Cja 234 Jail and Prison

Topics: Prison, Criminal justice, Crime Pages: 7 (1184 words) Published: March 30, 2013
Jail and Prison

CJA 234

Jails and prisons from the outside perspective seem to have the same meaning. Although jails

and prisons are a part of the criminal justice system correctional system, the fact is jails and

prisons are different. The jail system is a short-term facility where inmates are confined until

their trial date. State and Federal prisons are long-term facilities where inmates are confined after

being convicted.

The roles and functions of jails throughout history set the standards for jail. An inmate is

taken after they have been arrested for committing a crime. Jail is a short-term location for

inmates who are awaiting trial or sentencing. Inmates sentenced to twelve months or less serve

their time in jail. Jails are owned and operated by the states local government or the sheriff’s

office. “The first jails were created in England and they were called gaol” (Seiter, 2011,

p.72). Early jails had terrible conditions such as filth, no medical care, and poor food. There

were times when large numbers of inmates were contained in one large room. “Jails were used to

house displaced persons, the poor, and the mentally ill because of the vagrancy problems during

the fourteenth and eighteen centuries” (Seiter, 2011, p.72). In 1773, John Howard was the

sheriff of Bedfordshire. During his inspection of the local jail John was surprised by the horrible

conditions. To find examples of prisons that could be replicated in England, John Howard visited

other European countries. John Howard along with members of the English House of Commons

drafted the Penitentiary Act of 1779. A reformatory regime that required inmates to be confined

in cells unless they were working in common rooms, secure and sanitary, systematic inspections,

and abolition of fees were the four requirements created from this act for English prisons and


Jails have an important role in corrections; jails are also known as correctional centers. The

purpose of jail is confine criminals to punish them for their wrongdoings. Criminals must be held

accountable for their own actions, the criminal’s punishment is determined after conviction. The

theory for incarceration is that if criminals are imprisoned they will not commit crimes. Being

incarcerated gives inmates the opportunity to evaluate their actions to make wiser decisions.
State prisons are operated by the state; state prisons are prisons that confine inmates that have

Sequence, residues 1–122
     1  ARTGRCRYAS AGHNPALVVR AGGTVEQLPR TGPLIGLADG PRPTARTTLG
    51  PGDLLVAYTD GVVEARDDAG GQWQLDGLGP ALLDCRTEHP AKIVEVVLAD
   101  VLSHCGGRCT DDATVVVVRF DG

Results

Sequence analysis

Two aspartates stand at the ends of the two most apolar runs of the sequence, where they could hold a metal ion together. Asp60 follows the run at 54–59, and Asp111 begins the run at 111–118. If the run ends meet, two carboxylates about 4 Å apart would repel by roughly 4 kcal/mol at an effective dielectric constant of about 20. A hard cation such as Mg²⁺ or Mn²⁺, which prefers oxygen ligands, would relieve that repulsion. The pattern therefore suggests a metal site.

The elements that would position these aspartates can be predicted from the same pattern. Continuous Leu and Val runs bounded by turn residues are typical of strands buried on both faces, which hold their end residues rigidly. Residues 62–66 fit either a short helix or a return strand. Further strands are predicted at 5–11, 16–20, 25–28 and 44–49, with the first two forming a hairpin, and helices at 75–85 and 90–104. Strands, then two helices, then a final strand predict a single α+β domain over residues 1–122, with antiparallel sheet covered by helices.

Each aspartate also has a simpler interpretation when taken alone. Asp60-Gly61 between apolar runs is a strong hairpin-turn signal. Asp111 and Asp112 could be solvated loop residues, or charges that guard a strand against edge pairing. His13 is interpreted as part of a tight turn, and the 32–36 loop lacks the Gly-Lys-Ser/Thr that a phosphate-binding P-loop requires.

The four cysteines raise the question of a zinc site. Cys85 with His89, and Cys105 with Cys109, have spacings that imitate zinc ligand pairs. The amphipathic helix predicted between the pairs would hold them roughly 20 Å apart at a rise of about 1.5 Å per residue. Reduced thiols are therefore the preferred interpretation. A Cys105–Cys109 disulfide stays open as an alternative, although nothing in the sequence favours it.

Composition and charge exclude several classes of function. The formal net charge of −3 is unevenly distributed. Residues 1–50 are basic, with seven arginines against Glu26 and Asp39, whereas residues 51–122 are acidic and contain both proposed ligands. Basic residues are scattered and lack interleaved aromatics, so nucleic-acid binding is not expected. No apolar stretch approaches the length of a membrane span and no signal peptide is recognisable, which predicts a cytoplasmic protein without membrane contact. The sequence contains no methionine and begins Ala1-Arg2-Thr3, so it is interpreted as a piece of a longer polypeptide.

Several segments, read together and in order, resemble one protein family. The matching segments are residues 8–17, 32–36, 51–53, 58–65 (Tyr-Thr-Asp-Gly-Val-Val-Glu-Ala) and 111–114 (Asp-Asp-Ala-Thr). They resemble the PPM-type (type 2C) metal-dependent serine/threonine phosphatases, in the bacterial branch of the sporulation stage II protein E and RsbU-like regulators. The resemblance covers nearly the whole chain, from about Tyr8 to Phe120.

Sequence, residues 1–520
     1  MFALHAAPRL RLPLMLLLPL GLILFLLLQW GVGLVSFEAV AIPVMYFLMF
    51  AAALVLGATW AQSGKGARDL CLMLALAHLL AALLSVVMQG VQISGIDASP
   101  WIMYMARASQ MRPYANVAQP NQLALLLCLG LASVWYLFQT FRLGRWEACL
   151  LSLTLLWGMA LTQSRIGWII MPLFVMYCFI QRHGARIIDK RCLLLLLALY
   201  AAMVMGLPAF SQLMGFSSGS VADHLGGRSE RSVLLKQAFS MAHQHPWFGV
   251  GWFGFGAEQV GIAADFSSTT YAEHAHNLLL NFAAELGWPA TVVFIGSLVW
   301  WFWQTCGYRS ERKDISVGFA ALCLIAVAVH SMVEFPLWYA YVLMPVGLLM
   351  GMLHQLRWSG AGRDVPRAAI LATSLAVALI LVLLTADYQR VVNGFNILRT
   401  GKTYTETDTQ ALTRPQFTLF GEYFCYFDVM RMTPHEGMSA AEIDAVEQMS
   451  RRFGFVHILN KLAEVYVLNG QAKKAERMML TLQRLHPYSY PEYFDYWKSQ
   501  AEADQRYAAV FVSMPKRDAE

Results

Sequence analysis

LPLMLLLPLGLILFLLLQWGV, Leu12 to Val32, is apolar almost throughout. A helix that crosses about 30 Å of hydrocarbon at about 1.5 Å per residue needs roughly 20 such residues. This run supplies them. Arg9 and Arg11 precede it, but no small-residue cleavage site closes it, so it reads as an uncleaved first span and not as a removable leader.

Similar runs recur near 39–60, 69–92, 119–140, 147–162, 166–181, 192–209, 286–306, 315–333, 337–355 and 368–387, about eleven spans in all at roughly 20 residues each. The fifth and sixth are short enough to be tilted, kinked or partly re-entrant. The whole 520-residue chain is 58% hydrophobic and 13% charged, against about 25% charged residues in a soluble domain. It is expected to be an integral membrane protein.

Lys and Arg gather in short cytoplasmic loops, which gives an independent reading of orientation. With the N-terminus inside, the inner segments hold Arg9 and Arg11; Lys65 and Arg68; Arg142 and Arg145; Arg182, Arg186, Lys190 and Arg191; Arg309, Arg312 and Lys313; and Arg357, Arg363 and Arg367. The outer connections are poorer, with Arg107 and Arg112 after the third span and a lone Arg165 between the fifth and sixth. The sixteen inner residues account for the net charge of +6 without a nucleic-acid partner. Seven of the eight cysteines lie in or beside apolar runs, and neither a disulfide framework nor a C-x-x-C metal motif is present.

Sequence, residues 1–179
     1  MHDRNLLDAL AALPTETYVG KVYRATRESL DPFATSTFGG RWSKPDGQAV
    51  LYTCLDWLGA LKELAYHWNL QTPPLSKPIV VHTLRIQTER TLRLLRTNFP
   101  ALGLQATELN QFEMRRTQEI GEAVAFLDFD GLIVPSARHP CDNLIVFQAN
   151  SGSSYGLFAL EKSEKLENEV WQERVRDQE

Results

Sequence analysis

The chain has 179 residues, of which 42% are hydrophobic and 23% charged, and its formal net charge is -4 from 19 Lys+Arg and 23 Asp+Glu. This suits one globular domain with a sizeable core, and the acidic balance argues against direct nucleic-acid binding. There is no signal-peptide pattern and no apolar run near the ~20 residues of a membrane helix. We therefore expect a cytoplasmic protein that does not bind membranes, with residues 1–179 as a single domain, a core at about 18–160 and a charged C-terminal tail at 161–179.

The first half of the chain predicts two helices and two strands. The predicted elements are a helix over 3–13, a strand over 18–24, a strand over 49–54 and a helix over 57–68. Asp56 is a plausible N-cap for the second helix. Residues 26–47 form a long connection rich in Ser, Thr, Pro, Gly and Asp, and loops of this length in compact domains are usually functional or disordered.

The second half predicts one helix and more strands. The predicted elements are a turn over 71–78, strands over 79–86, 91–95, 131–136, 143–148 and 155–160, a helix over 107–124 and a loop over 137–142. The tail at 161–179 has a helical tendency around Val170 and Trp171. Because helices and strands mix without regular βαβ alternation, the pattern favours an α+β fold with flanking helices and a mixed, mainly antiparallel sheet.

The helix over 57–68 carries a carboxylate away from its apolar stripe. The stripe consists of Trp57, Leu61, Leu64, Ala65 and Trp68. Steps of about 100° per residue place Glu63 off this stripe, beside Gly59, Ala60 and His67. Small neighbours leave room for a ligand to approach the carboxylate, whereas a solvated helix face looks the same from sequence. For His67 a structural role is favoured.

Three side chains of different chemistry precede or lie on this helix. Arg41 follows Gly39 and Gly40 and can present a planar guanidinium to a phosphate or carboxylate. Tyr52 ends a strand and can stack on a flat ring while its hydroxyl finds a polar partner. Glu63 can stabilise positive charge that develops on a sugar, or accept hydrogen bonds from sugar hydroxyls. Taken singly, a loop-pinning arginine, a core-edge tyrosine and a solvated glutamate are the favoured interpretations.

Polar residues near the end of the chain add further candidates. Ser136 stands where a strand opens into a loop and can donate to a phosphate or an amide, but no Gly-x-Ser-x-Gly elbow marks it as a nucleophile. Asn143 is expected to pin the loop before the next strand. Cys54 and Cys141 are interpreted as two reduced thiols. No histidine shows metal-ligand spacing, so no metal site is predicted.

committed state crimes or crimes committed in that state. Every state has its own penal code.

When an inmate is serving more than one year they are contained in a state prison. Robbery and

sex crimes are examples of state crimes. Federal prisons are prisons that confine inmates that

have committed federal crimes. Federal prisons are operated by the Federal Bureau of Prisons.

The Bureau of Justice Statistics states inmates confined to federal prisons are the legal authority

of the federal government.

Jails and prisons classify inmates by security levels. It is essential for each inmate to be

assessed and classified into the appropriate correctional setting. If prisoners were held in a prison

without concern for classification there would be a several concerns. Jails, state prisons, and

federal prisons purpose is to confine and rehabilitate criminals. Institutional misconduct, prison

violence, over crowdedness, and prison escapes are a few concerns. Inmates are separated

by the seriousness of the crime committed, previous records, and violence history. Security

levels are physical features that jails, state prisons, and federal prison have in place to control the

behavior of inmates and prevent them from escaping.

Jails have security levels that inmates are evaluated and confined to. The...

References: Bureau of Justice Statistics. Office of justice programs. Retrieved from
Cook county Sheriff website. Retrieved from
Federal Bureau of Prisons. An agency of the U.S. Department of Justice. Retrieved from
http://www.bop.gov/about/facts.jsp. http://www.bop.gov/locations/institutions/index.jsp
Seiter, R. (2011). Corrections: An introduction, Third Edition.
Retrieved from The University of Phoenix eBook Collection database.
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